The Syrian and Russian governments have consistently publicly denied that the Syrian government has ever employed chemical weapons, either before or after it declared and destroyed some 1,000 tonnes of chemical agents and decommissioned some 27 production facilities. But, more than that, Russian and Syrian officials still challenge the Western narrative by questioning whether the attacks in question were staged, carried out by rebels or – as in the latest case – a consequence of rebel groups stockpiling sarin supplies of their own. They argue that pinning chemical weapon use on Assad is a Western tactic to undermine his regime – and to leverage public support for Western intervention.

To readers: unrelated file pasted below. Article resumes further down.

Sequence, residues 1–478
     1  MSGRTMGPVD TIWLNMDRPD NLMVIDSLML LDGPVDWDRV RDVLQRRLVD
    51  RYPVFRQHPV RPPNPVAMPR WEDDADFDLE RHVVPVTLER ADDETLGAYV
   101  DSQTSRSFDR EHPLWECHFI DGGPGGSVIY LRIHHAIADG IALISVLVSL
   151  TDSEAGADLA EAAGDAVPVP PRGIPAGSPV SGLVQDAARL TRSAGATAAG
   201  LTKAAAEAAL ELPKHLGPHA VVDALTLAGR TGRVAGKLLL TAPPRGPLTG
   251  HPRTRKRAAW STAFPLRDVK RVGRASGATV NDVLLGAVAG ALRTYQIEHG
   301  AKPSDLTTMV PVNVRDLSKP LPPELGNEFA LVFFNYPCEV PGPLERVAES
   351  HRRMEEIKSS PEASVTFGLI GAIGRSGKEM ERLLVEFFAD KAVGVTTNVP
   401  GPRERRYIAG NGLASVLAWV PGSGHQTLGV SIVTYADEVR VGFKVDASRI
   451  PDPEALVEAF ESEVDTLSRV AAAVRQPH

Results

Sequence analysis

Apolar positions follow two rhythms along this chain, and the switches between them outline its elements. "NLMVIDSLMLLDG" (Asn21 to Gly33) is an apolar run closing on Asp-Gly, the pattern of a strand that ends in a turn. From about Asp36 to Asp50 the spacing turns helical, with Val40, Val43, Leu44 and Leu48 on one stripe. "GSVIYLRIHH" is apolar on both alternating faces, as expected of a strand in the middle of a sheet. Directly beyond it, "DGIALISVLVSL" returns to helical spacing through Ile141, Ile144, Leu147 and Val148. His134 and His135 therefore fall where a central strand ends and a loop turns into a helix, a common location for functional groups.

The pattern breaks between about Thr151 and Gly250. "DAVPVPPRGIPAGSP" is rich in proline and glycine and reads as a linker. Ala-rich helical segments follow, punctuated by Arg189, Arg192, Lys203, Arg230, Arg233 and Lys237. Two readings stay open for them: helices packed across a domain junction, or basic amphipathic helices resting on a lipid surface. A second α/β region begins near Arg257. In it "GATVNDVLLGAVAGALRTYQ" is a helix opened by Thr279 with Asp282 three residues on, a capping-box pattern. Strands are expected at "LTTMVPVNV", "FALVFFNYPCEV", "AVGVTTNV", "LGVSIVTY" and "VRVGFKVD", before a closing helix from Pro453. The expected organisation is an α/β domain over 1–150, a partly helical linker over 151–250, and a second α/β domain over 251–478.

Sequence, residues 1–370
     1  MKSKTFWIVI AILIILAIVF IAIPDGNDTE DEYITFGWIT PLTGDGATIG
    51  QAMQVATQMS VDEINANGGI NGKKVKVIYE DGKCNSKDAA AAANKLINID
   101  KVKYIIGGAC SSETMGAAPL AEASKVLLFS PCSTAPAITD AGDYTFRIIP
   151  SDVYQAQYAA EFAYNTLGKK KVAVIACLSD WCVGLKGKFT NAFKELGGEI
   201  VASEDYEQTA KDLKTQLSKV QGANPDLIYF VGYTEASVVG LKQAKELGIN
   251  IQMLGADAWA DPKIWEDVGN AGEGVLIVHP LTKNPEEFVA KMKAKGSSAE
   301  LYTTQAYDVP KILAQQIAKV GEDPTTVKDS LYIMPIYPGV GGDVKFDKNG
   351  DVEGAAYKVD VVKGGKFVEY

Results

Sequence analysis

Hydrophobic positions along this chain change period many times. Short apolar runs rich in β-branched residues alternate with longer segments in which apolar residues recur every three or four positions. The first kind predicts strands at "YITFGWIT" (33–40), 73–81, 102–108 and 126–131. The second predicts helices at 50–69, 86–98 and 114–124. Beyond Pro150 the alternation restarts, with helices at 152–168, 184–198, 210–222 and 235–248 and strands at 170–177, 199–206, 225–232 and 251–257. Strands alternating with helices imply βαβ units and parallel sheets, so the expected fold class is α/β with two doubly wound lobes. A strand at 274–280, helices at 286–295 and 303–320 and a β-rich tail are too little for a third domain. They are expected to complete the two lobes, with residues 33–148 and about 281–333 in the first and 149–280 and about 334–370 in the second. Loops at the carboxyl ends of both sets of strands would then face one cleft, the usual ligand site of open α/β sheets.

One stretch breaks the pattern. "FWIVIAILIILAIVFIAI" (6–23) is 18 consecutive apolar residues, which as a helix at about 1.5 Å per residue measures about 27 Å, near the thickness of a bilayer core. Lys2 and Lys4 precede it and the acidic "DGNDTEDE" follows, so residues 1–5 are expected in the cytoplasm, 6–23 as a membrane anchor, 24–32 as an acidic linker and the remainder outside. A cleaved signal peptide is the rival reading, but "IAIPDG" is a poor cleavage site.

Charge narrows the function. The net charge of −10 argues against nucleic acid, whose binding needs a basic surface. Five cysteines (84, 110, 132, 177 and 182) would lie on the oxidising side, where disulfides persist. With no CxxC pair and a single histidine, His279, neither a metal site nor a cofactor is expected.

These sorts of denials, accusations and counter-accusations are a long-established feature of chemical warfare, where the facts and meaning of individual attacks become flashpoints in the broader narrative battles. Indeed, while the players have changed, the games being played now look much like the propoganganda wars over Iraq’s war crimes during the Iran-Iraq War – in particular the notorious 1988 chemical massacre at Halabja.
Framed and reframed
The parallels are ironic and tragic. In the late 1980s, it was the West which stood accused of giving tacit support to Saddam’s chemical weapon programme, and allowing atrocities which could have been prevented in the service of its fierce opposition to Iran. The Iranian media, meanwhile, was particularly eager to draw attention to what Iraq was doing on the ground, but its obvious tactical stakes in the conflict damaged the credibility of early reports about chemical war crimes.